Ameloblastoma is a locally invasive neoplasm derived from odontogenic epithelium. The tumor is made up of proliferating odontogenic epithelium especially of enamel organ-type tissue that has not undergone differentiation to the point of hard tissue formation. Characteristically, the tumor lacks enamel and dentin. It has been postulated that the epithelium of origin is derived from one of the following sources: (1) epithelial lining of odontogenic cyst, (2) dental lamina or enamel organ, (3) disturbances of developing enamel organ, (4) basal cells of surface epithelium, or (5) heterotopic epithelium of other parts of the body. [5],[12]

Metastasis in ameloblastoma is extremely rare. Only 43 cases had been documented until 1987. [11] Mean interval between onset of tumor and metastasis was 16.4 years. Treatment for primary tumor prior to metastasis included surgery alone or with radiotherapy. [10] Two cases showed a granular cell change. [10],[11] Our patient presented with a metastasis of granular cell ameloblastoma at the first instance, giving a brief history of 2 years. Metastasis was to the regional lymph node. Most common sites of metastasis are lung (76.7%), followed by regional lymphnodes (37.8%), pleura (16.2%), vertebrae (13.5%), skull (10.8%), diaphragm (8.1%), liver and parotid (5.4%) and even more rarely, the spleen and kidney. [13] Hematogenous [14],[10] and lymphatic spread are thought to be the possible routes for metastasis. The best treatment is an initial extensive surgical excision. Ninety percent of cases treated conservatively, recur at some time.

Granular cell change in ameloblastoma is a rare histopathological entity. It was first seen by Krompecher [15] in 1918 and was called pseudoxanthomatous cells. Granular cells can appear in various odontogenic and nonodontogenic tumors. Granular cells of granular cell ameloblastoma are clearly of epithelial origin staining exclusively for cytokeratin. Granular cell tumors stain positive for vimentin and S-100. Only vimentin is positive in granular cells of granular ameloblastic fibroma. The term "granular cell ameloblastic fibroma" is a misnomer, as a number of these cases are probably central odontogenic fibromas exhibiting granular cell change. Ultrastructurally it has been revealed that it is the lysosomal overload in these cells that imparts the characteristic granularity.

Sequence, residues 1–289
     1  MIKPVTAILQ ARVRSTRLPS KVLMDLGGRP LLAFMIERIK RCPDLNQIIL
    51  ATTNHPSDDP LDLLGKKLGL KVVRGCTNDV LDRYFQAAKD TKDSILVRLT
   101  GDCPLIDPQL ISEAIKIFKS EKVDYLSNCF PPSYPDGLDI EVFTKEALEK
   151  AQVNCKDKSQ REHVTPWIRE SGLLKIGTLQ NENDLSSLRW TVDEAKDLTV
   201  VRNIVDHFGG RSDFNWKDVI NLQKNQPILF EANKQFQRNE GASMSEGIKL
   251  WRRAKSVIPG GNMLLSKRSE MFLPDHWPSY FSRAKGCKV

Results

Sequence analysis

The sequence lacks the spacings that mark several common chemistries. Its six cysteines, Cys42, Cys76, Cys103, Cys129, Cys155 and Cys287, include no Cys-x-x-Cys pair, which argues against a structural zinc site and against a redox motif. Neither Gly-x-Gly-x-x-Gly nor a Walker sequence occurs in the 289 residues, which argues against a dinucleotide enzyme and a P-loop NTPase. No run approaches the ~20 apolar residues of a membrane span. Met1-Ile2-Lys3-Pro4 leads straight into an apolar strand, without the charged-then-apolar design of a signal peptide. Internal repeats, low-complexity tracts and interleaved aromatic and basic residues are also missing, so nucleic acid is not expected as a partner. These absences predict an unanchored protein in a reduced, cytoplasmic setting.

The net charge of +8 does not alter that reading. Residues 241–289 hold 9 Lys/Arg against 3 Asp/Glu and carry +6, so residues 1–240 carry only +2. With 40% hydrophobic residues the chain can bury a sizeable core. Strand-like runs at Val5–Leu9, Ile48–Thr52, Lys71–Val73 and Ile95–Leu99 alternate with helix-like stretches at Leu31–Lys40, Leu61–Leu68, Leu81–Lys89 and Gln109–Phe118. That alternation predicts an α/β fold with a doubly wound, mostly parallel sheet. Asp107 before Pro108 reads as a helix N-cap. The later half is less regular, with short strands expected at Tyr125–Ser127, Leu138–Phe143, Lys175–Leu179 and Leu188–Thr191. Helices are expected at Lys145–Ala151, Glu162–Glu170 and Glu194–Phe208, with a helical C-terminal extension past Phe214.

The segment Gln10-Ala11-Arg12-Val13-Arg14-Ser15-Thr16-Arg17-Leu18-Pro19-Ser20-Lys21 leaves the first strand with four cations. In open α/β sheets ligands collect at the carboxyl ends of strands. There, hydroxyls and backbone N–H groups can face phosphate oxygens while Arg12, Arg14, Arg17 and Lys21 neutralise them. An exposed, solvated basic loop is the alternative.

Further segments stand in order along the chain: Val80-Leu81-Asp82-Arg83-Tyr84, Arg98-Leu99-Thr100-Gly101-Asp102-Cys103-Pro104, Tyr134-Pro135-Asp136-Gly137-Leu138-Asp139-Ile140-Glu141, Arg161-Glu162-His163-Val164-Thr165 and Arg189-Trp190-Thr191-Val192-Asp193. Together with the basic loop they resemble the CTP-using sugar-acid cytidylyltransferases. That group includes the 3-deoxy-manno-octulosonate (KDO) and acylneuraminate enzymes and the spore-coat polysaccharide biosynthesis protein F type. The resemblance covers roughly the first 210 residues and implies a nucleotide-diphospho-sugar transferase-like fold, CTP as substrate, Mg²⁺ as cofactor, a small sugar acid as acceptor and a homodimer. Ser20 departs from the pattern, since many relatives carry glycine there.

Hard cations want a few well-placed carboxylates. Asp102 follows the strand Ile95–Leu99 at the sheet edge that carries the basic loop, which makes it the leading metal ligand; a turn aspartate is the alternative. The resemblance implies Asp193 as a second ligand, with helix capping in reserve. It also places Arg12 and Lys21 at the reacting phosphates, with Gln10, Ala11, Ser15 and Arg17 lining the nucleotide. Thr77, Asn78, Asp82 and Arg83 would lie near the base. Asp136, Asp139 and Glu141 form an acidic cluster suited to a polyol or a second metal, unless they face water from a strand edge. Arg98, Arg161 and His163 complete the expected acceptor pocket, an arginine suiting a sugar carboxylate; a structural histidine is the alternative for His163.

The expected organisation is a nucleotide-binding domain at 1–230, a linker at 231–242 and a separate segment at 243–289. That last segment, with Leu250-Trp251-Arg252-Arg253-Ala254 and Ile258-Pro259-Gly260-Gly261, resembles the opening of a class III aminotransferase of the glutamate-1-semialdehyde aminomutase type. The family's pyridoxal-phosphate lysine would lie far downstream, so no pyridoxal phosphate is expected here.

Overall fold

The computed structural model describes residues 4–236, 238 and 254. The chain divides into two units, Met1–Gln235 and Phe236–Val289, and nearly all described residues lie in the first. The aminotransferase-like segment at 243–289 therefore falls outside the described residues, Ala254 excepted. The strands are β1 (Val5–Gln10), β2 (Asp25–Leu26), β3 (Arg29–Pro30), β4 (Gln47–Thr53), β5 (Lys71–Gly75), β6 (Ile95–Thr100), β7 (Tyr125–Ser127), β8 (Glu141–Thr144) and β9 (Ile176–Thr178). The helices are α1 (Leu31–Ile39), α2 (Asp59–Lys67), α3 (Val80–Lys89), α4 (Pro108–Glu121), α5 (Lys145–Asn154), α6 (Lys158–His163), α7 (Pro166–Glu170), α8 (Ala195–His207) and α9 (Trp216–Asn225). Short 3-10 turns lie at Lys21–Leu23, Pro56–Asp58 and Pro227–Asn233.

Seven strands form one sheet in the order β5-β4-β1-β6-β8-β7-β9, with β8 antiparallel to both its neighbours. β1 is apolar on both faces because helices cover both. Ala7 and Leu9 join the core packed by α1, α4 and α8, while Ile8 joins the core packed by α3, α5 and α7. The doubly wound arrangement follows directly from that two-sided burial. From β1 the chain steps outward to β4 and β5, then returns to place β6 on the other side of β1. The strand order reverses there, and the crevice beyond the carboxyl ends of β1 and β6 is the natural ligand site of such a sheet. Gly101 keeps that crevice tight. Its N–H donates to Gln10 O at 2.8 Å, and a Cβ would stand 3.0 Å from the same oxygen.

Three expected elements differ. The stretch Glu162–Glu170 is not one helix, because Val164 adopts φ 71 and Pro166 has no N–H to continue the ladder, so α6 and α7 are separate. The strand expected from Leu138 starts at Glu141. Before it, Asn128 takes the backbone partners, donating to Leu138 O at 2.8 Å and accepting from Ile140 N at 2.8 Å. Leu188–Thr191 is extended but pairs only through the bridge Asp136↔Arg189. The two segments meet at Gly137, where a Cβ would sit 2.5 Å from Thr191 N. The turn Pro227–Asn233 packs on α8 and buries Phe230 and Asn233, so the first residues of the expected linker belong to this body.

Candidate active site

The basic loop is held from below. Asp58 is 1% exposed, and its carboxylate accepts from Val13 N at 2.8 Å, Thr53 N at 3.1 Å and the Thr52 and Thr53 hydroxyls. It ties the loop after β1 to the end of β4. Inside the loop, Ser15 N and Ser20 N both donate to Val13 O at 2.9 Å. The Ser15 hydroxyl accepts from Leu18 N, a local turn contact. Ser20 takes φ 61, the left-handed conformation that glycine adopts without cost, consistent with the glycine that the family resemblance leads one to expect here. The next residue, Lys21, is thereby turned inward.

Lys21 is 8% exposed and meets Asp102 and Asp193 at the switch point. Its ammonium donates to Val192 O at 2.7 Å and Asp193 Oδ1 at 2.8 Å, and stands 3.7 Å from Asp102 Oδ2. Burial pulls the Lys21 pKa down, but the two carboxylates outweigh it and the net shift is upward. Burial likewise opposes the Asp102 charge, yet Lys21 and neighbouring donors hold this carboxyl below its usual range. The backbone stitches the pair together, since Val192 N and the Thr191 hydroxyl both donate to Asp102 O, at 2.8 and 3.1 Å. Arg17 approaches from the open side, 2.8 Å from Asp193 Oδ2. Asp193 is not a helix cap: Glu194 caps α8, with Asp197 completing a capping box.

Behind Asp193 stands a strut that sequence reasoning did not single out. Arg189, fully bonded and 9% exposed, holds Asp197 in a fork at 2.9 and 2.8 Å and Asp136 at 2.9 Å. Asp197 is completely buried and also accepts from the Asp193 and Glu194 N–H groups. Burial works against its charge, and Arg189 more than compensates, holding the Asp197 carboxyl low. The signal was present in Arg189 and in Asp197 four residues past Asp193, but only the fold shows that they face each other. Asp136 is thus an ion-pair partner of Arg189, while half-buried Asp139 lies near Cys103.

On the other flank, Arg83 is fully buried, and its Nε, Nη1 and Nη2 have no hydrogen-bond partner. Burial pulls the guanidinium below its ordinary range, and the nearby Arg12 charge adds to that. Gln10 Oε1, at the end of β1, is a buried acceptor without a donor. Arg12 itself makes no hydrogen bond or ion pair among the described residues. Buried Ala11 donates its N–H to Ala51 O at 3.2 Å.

Whether granular cell change in ameloblastoma is a degenerative process or a harbinger of a more aggressive course is a matter of debate. All three cases of granular cell ameloblastoma (our case included) have eventually produced metastasis. Add to this, our patient gave a short history of duration before tumor metastasis.

 Conclusion



Granular cell ameloblastoma is an extremely rare entity. Although the exact implication of a granular cell change in ameloblastoma cannot be ascertained due to paucity of cases documented, yet reported cases must be followed closely in anticipation of metastasis.

References